“In our office, most people would agree that Slack is … not really a platform. It’s a glorified chat application, with some integration with other applications and platforms. Realistically, companies don’t just chat.” – Witkit CEO Sean Merat

You just mentioned that your users have a high level of engagement. That’s a particular problem with software makers, is not only the number of people who have downloaded the software but also how engaged they remain with it over time.

Our level of engagement is higher than our competitors. Part of the reason is that it’s centralized. In our office, most people would agree that Slack is an application. It’s not really a platform. It’s a glorified chat application, with some integration with other applications and platforms. Realistically, companies don’t just chat. They are constantly sending files around, and they aren’t just working within their team. If you consider any company, they are going to collaborate within their team, sure, but they are also going to collaborate with their lawyers, they’re going to collaborate with their PR, they’re going to communicate with their customers, they’re going to deal with all sorts of different things. They’re going to set up all kinds of calendar events, share all sorts of files, and all these things that Slack doesn’t do. So to me, a lot of the engagement is distributed. If I want to share a file, I just do it directly in Dropbox. I don’t need to necessarily go through Slack. A lot of our clients aren’t happy and have jumped ship from Slack. That’s very important to us, and we ask, “Why did you do that?” This is a recurring event. It’s not centralized. When they share a file in Dropbox, through Slack, there is a footprint of the file on Dropbox and now there’s one on Slack’s server, there’s one on Amazon AWS, and it creates a much higher potential of those files being leaked. But to answer your question, our engagement is high because we have centralized everything. For storage, for communication, within your team, outside your team, other organizations and contacts, it’s all done on Witkit. So really, if you’re really using Witkit like most of our users, you’re not scrambling between different applications. You’re only using Witkit.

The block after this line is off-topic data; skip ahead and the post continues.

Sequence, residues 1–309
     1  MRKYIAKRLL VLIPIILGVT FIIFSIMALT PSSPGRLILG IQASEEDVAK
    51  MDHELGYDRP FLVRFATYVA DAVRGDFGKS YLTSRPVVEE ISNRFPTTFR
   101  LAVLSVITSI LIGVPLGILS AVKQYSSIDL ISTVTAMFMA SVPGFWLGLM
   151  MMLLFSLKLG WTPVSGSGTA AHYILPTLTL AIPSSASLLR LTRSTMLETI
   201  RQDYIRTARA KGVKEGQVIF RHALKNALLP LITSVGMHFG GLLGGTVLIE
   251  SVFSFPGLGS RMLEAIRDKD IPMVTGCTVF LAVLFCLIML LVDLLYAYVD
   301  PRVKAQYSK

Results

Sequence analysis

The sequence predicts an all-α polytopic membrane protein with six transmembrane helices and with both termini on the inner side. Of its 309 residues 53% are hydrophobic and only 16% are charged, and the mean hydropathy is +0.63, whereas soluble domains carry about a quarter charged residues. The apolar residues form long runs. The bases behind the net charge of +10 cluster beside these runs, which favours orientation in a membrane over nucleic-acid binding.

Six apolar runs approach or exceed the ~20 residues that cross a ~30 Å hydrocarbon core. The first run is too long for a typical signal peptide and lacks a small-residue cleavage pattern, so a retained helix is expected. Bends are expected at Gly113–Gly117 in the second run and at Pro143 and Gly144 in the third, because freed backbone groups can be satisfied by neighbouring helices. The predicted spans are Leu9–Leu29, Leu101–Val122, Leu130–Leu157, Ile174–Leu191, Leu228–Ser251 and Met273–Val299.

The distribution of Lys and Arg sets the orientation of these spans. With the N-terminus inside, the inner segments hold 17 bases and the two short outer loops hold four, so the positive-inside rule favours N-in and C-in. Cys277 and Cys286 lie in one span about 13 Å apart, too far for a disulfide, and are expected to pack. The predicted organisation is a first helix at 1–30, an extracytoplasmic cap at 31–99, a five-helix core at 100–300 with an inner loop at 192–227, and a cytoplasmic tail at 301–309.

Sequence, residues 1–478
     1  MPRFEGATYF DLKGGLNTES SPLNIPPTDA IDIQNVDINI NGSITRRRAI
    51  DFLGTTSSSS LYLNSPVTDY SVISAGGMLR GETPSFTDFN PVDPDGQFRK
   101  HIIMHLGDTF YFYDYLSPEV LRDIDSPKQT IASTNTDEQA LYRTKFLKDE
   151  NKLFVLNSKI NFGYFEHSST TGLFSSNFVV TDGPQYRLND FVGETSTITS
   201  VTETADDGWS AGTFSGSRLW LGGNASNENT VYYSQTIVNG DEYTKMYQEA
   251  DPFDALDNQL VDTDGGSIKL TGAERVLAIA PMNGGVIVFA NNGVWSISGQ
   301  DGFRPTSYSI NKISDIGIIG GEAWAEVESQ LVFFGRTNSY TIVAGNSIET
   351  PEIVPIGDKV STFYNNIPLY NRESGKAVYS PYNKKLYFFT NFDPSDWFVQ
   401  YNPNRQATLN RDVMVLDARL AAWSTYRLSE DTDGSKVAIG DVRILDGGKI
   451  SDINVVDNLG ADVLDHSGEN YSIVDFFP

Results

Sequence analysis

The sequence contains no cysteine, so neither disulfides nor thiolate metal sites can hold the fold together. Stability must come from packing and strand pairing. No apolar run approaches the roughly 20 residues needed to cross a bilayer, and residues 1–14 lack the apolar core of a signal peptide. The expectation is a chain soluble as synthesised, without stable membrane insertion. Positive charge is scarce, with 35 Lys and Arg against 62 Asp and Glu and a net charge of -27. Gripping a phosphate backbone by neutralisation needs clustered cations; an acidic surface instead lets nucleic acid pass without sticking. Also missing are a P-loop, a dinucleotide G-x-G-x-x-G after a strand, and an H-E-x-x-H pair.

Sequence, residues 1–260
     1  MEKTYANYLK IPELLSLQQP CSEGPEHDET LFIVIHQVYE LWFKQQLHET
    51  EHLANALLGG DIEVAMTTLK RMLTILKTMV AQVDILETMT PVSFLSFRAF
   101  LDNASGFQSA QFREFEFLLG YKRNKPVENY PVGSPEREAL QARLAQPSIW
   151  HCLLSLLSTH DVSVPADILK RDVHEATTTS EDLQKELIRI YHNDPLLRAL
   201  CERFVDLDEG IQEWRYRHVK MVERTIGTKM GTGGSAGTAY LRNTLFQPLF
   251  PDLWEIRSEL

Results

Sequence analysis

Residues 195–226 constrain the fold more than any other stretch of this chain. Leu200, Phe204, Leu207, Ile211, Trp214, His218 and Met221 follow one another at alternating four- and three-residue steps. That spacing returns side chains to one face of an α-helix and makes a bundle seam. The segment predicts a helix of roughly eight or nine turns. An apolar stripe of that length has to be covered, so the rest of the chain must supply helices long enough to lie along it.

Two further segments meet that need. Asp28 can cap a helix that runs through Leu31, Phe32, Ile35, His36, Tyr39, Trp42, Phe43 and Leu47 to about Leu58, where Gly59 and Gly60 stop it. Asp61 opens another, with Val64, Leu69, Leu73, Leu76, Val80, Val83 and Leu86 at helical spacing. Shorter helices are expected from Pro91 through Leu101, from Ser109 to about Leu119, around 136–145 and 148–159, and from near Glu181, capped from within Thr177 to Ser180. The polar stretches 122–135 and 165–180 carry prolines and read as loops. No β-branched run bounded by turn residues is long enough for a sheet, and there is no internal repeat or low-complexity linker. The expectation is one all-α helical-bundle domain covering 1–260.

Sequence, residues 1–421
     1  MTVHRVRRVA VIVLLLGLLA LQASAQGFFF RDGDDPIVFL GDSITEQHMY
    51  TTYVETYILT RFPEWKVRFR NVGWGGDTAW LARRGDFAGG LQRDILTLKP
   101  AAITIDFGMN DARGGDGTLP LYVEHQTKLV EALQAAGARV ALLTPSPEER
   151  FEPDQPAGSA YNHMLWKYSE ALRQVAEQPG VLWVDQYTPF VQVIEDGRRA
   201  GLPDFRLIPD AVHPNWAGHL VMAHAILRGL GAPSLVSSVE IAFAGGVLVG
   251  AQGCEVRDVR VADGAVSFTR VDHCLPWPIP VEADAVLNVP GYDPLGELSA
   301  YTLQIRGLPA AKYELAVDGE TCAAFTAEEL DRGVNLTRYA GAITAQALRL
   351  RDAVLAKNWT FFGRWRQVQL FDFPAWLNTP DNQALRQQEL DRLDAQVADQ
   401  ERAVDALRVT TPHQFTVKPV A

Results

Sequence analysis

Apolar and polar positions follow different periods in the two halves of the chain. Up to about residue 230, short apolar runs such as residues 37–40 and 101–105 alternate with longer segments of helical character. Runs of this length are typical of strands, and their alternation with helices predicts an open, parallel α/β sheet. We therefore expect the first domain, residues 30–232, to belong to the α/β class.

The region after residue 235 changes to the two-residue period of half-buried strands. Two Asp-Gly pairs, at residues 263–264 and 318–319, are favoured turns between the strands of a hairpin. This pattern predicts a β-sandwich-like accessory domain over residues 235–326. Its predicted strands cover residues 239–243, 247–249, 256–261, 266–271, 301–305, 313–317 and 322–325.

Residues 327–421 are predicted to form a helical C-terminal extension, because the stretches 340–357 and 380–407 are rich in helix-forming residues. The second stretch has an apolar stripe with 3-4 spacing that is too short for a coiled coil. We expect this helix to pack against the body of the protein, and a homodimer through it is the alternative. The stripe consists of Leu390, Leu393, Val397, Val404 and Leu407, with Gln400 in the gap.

So that’s the issue, is that with Slack you’re using the platform in concert with a bunch of third party applications, whereas with Witkit, it’s end-to-end encrypted and centralized.

And that’s the future. Last time we talked, Slack hadn’t been hacked yet, but I said that it’s a matter of time. And then they were breached. With these breaches, you really don’t know the effect of it until some time after, six months, one year later. You may see some devastating side effects.

Slack claimed that their breach wasn’t that serious and Stewart Butterfield told Cantech Letter, “Slack is the same as every widespread email system, your medical records, all the information that government stores about you, all your banking and financial information, everything in Facebook, Twitter, etc.”

I don’t like the way he handled that situation. He kind of said there was a trade-off for absolute security.* At Witkit, we don’t think that. We think there is no trade-off for security. Security should be straightforward and it should be the number one priority.

*(Reached for comment by Cantech Letter in March, Butterfield replied, “There are practical tradeoffs (e.g., the ability to search remote data) that people make which trade off against perfect security.”)